Summary: If you want to capture the essence of Ragtime Era dance fashions...
• The most popular dance frocks had peplums, with a somewhat high (Empire or Greek style) waistline.
• The skirt was often split, to allow dancing, with an inner skirt or accordion-pleated petticoat under the split.
• Arms were often bare, or sleeves came down halfway, more or less to the elbows.
• Some frocks have trailing ribbons here and there.
• Some women are wearing wrist bracelets, but not much jewelry was worn. Simplicity was the "modern" reaction against the costume jewelry that their mothers and grandmothers had worn.
• Feathers were the most popular headdress for women, in a wide variety of styles, often held with a headband.
• Caps or a wide variety of small hats were also worn. The Dutch cap was Irene Castle's personal trademark.
• Some of the women above have no headdress at all, to better feature their new shorter hairstyle.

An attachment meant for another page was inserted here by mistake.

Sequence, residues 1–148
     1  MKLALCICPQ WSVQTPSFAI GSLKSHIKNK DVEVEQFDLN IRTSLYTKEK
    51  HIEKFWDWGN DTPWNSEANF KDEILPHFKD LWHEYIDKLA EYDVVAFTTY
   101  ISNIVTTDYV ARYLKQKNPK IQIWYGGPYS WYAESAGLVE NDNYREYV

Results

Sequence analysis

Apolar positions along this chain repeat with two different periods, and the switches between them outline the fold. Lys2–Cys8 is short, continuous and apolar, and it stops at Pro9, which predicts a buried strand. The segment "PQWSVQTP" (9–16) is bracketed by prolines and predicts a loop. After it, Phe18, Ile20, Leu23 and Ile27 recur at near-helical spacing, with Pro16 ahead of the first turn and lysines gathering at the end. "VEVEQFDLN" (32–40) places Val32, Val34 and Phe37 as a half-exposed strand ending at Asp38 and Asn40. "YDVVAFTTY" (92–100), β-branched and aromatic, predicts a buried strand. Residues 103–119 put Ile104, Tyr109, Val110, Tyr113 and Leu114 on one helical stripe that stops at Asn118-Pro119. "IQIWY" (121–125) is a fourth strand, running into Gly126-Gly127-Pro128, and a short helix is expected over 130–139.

• Women's dance shoes had French (splayed) heels, and were often decorated or attached with "Grecian" ribbons.
• For dancing, men customarily wore a formal black tailcoat, even in the afternoon, with white bow tie and white vest.
• Only one-quarter of the men above are wearing white gloves. Most are more "modern" with bare hands.
• For shoes, many of the men above are wearing dancing pumps, which are hard to find today. None are wearing spats.
This describes the most distinctive look of Ragtime Era dance fashions. There were plenty of exceptions — harem pants for women (especially under the split skirt), turbans, simple straight dresses (rare), long sleeves (rare), women still wearing outdated fashions like hobble skirts and long hair, less formal tuxedos or Eaton jackets for men, and sports jackets for al fresco dancing.